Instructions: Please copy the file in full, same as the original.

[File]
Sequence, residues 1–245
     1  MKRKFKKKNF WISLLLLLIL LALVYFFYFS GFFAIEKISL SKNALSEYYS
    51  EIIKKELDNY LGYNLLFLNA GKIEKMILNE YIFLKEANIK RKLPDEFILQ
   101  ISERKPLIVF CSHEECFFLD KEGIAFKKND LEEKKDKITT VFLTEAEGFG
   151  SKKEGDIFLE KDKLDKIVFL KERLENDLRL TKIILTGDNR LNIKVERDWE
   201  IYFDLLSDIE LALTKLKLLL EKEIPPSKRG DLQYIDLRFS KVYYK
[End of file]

Sequence, residues 1–245
     1  MKRKFKKKNF WISLLLLLIL LALVYFFYFS GFFAIEKISL SKNALSEYYS
    51  EIIKKELDNY LGYNLLFLNA GKIEKMILNE YIFLKEANIK RKLPDEFILQ
   101  ISERKPLIVF CSHEECFFLD KEGIAFKKND LEEKKDKITT VFLTEAEGFG
   151  SKKEGDIFLE KDKLDKIVFL KERLENDLRL TKIILTGDNR LNIKVERDWE
   201  IYFDLLSDIE LALTKLKLLL EKEIPPSKRG DLQYIDLRFS KVYYK